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Global stock markets posted strong gains for a second straight session Tuesday as investors seized on signs of a slowdown in the spread of the coronavirus, while some governments began making plans to ease restrictions.

"Investors are betting that the coronavirus outbreak may have peaked and are ignoring the economic slump that we are in," said Fawad Razaqzada, an analyst with Trading Candles. But Razaqzada also said he "wouldn't be surprised if the rally were to end abruptly because the economic impact of COVID-19 is going to be severe".

In the meantime, oil was energised by hopes that key producers will agree to cut output at this week's emergency OPEC+ video meeting, which will address virus-sapped demand and a price war.

Following on from gains in Asian and European equities, Wall Street also posted solid gains in the late New York morning when the Dow was up by more than 600 points.

"Equities are still racing higher, as the news from key countries like Spain and Italy remains positive," said IG analyst Chris Beauchamp. "Stocks continue to rally as investors look for the positives in the current global outlook."

Tokyo, Hong Kong and Shanghai stocks all finished around two percent higher.

After the close in Japan however, Prime Minister Shinzo Abe declared a month-long state of emergency in the capital and six other parts of the country over a spike in virus cases.

In Europe, key indices were off the day's best levels, but still posted gains of more than two percent at the close.

Adding to the positive vibe were further measures to support economies, including a trillion-dollar package in Japan and central bank moves in China.

And with the ink barely dry on a $2 trillion rescue plan passed by Congress last month, Donald Trump said he favoured another massive spending programme -- again roughly $2 trillion -- this time targeting infrastructure projects.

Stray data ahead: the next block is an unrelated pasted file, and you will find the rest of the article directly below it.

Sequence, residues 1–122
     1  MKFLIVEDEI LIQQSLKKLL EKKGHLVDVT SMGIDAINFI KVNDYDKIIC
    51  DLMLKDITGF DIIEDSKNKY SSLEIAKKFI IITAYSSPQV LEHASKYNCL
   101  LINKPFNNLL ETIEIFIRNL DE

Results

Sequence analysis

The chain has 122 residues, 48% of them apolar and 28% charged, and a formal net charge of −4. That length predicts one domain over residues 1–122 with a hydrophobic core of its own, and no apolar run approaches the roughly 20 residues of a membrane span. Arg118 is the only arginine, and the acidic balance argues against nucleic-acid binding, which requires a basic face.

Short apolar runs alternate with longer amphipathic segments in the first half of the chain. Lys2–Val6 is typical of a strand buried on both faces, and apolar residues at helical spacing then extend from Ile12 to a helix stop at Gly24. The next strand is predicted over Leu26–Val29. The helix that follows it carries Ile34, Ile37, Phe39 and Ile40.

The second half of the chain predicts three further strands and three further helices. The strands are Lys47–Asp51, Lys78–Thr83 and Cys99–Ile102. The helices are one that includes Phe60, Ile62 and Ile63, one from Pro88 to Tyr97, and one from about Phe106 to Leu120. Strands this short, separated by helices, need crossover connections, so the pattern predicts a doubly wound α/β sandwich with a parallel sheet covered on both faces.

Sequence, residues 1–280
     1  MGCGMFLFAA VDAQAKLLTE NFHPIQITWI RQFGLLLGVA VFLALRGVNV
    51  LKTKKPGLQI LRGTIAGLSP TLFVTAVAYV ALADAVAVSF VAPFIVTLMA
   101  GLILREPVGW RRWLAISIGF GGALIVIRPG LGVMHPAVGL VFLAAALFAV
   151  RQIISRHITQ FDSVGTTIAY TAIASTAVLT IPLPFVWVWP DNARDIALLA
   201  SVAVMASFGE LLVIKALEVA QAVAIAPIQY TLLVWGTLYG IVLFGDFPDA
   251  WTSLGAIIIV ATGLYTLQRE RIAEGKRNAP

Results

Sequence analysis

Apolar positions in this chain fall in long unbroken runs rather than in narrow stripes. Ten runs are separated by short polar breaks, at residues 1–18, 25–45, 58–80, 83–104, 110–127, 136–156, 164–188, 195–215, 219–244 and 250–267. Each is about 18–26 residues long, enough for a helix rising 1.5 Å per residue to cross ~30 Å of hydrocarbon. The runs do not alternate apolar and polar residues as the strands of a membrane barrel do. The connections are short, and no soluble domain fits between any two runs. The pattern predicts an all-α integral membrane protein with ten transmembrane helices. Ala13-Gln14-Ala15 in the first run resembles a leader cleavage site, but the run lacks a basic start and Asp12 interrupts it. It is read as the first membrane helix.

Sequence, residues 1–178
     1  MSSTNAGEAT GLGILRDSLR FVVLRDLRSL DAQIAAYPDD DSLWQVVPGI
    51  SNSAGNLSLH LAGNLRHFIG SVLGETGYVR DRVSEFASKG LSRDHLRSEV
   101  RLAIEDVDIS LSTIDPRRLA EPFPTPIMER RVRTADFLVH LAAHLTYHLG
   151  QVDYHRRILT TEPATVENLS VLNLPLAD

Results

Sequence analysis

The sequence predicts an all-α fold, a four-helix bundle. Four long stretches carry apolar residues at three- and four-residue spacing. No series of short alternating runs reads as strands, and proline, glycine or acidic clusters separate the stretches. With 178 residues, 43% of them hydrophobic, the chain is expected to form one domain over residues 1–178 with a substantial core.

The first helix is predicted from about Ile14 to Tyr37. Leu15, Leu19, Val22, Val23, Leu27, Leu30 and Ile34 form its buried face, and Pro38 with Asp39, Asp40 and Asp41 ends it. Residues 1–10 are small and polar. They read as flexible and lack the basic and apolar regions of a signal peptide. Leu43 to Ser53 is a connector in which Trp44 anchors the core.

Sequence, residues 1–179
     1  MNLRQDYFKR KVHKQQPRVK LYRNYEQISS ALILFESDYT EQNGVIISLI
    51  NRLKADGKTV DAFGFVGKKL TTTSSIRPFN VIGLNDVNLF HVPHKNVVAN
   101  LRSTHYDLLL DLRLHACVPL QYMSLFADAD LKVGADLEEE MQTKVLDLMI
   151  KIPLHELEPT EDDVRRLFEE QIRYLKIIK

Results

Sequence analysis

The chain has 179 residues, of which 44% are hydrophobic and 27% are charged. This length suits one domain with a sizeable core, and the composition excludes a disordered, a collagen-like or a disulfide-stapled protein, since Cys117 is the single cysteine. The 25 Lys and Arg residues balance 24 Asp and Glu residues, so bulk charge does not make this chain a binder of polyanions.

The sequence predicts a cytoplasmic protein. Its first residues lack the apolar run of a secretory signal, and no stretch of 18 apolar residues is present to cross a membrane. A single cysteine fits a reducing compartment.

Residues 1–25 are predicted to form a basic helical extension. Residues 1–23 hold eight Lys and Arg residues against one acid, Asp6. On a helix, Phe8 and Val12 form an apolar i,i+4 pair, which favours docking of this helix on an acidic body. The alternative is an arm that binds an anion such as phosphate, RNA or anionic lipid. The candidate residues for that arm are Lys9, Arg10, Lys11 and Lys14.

The head of the Eurogroup of eurozone finance ministers on Tuesday called for a major rescue plan, as EU members squabble over what is needed to rebuild the shattered economy. Mario Centeno, who is also Portugal's finance minister, called for a "bold response" ahead of a videoconference with his counterparts.

However, analysts do not believe that a proposal to issue "coronabonds" -- that would pool borrowing among EU nations -- is going to gain any traction. "The inability of eurozone ministers to agree on the subject of coronabonds is a clear sign of disharmony in the region," said Rabobank analyst Jane Foley.
London - FTSE 100: UP 2.1 percent at 5,697.30 points (close)

Frankfurt - DAX 30: UP 2.8 percent at 10,356.70 (close)

Paris - CAC 40: UP 2.1 percent at 4,438.27 (close)

EURO STOXX 50: UP 2.2 percent at 2,857.23

New York - Dow: UP 2.8 percent at 23,316.17

Tokyo - Nikkei 225: UP 2.0 percent at 18,950.18 (close)

Hong Kong - Hang Seng: UP 2.1 percent at 24,253.29 (close)

Shanghai - Composite: UP 2.1 percent at 2,820.76 (close)

Brent North Sea crude: UP 0.7 percent at $33.28 per barrel

West Texas Intermediate: UP 1.4 percent at $26.45

Euro/dollar: UP at $1.0890 from $1.0793 at 2100 GMT

Dollar/yen: DOWN at 108.92 yen from 109.22

Pound/dollar: UP at $1.2332 from $1.2231